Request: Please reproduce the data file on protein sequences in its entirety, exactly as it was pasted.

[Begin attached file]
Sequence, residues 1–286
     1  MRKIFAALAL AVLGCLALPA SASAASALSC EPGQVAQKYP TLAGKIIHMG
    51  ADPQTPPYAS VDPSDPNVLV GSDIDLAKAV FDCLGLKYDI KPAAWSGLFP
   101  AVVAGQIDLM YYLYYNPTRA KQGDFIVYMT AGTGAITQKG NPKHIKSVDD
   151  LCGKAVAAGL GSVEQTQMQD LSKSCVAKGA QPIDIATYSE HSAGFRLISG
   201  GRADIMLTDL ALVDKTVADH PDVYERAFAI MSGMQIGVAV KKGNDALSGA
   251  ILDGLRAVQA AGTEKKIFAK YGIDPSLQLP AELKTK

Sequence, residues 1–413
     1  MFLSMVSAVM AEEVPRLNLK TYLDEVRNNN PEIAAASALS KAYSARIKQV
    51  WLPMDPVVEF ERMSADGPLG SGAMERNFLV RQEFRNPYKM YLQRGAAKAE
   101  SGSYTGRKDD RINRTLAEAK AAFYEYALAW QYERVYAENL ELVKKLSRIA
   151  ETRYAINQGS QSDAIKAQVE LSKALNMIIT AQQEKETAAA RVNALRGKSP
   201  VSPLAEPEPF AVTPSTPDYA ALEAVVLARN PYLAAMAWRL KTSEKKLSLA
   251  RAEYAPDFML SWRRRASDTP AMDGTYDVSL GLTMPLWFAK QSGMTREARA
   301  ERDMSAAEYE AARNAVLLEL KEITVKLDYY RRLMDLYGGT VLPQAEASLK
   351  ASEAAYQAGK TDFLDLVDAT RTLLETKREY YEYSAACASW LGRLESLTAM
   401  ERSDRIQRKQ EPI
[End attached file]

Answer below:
Sequence, residues 1–286
     1  MRKIFAALAL AVLGCLALPA SASAASALSC EPGQVAQKYP TLAGKIIHMG
    51  ADPQTPPYAS VDPSDPNVLV GSDIDLAKAV FDCLGLKYDI KPAAWSGLFP
   101  AVVAGQIDLM YYLYYNPTRA KQGDFIVYMT AGTGAITQKG NPKHIKSVDD
   151  LCGKAVAAGL GSVEQTQMQD LSKSCVAKGA QPIDIATYSE HSAGFRLISG
   201  GRADIMLTDL ALVDKTVADH PDVYERAFAI MSGMQIGVAV KKGNDALSGA
   251  ILDGLRAVQA AGTEKKIFAK YGIDPSLQLP AELKTK

Sequence, residues 1–413
     1  MFLSMVSAVM AEEVPRLNLK TYLDEVRNNN PEIAAASALS KAYSARIKQV
    51  WLPMDPVVEF ERMSADGPLG SGAMERNFLV RQEFRNPYKM YLQRGAAKAE
   101  SGSYTGRKDD RINRTLAEAK AAFYEYALAW QYERVYAENL ELVKKLSRIA
   151  ETRYAINQGS QSDAIKAQVE LSKALNMIIT AQQEKETAAA RVNALRGKSP
   201  VSPLAEPEPF AVTPSTPDYA ALEAVVLARN PYLAAMAWRL KTSEKKLSLA
   251  RAEYAPDFML SWRRRASDTP AMDGTYDVSL GLTMPLWFAK QSGMTREARA
   301  ERDMSAAEYE AARNAVLLEL KEITVKLDYY RRLMDLYGGT VLPQAEASLK
   351  ASEAAYQAGK TDFLDLVDAT RTLLETKREY YEYSAACASW LGRLESLTAM
   401  ERSDRIQRKQ EPI